I don’t really regret cashing out my 401(k)... I knew there were drawbacks but I didn’t know, off the top of my head, what they were.
“I had a 401(k) when I used to work at Chase Bank. It was one of the benefits they offered—Chase would give a percentage into the 401(k); they would match it.
“[When I left my position,] Chase gave me the option to withdraw. They actually sent me a letter in the mail telling me I can either withdraw or keep it going. They were working with some other financial institution that offered the 401(k) and they said I can withdraw or work directly with that other company. I withdrew the money. It wasn’t a lot because I had worked part-time for only a year.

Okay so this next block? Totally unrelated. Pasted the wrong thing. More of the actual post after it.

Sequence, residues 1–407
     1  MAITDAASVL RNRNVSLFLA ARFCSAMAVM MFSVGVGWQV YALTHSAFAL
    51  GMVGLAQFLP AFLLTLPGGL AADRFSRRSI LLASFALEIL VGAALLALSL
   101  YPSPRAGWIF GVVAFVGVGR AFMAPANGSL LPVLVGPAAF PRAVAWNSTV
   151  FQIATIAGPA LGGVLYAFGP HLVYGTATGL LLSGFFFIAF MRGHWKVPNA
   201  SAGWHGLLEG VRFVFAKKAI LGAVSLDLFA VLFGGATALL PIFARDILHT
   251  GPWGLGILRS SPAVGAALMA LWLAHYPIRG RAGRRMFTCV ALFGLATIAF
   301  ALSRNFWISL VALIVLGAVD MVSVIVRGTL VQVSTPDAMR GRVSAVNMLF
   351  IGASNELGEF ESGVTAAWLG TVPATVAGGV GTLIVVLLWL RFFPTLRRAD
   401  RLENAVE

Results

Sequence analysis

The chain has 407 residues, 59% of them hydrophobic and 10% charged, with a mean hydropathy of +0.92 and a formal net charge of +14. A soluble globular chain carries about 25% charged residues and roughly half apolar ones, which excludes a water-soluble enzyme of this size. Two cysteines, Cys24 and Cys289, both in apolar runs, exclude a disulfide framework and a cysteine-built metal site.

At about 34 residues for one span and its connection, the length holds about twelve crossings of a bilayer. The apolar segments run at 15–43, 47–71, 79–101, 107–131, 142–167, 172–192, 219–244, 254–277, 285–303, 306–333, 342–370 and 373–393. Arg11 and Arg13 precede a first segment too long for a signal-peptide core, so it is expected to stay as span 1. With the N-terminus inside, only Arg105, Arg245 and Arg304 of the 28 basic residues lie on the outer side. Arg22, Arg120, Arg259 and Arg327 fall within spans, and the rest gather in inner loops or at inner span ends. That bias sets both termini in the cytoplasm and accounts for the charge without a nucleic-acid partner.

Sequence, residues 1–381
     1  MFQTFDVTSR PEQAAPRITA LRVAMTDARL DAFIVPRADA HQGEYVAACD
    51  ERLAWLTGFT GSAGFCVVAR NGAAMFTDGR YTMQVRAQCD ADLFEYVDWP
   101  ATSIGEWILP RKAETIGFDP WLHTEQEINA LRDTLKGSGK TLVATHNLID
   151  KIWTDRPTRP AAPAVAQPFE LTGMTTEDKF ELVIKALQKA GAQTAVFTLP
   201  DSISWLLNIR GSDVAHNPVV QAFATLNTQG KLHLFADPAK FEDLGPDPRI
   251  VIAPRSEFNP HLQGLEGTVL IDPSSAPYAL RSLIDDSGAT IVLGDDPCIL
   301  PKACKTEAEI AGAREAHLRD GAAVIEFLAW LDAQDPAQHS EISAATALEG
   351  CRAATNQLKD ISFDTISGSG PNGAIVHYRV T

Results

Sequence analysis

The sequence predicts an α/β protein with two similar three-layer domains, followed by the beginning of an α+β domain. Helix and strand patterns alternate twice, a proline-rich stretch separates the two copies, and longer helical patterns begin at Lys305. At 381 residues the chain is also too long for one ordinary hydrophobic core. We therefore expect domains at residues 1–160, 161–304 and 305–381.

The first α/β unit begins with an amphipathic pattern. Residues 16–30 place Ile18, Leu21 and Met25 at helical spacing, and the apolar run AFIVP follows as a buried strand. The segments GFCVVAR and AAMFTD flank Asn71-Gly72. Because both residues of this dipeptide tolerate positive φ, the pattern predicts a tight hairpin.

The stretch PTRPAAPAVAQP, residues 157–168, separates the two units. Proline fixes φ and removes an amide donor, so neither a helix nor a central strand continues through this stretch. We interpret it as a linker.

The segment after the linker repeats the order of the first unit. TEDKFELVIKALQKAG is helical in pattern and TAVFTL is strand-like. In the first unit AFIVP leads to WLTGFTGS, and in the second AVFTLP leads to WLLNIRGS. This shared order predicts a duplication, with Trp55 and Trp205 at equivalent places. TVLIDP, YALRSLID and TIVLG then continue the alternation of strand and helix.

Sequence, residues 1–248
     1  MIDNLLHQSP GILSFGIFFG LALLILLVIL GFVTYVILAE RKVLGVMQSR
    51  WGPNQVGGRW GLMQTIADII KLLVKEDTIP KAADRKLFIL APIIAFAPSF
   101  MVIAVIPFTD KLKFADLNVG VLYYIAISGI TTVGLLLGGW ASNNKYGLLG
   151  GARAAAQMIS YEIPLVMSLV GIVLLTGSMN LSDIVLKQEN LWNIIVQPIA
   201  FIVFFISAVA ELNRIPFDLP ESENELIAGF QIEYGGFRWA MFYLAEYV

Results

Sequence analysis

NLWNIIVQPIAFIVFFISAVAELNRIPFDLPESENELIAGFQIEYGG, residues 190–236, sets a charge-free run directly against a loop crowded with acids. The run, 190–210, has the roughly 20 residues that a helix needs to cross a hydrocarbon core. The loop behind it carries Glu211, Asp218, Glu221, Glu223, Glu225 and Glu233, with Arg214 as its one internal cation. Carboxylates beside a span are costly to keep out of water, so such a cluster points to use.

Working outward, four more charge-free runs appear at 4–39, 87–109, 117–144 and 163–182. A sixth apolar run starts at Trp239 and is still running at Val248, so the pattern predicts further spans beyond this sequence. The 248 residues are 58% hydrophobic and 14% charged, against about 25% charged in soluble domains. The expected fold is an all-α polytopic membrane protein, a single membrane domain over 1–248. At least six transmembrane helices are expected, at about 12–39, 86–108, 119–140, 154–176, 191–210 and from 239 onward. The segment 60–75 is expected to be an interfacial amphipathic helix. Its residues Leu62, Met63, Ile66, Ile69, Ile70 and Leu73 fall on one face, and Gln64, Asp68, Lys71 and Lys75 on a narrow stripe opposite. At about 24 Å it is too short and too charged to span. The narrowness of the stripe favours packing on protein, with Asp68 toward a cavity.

“Whatever I did take out, I transferred to my new policy... I had heard about them from my dad. He used to do life insurance a lot. My new plan acts like a life insurance policy but also a retirement plan. You’re investing money in it and you can borrow against yourself. But at the same time, it’s a life insurance policy—you get their benefits. Two-for-one.
“I don’t really regret cashing out my 401(k). When I signed up for it, I didn’t know a lot. I knew there were drawbacks but I didn’t know, off the top of my head, what they were.
“I’m the type of person who wants to save money, but I don’t want it just lying around for no reason. That’s why I turned to a life insurance plan. I want my money to actively grow and work for me.”
Photograph & interview by Maria Whittaker
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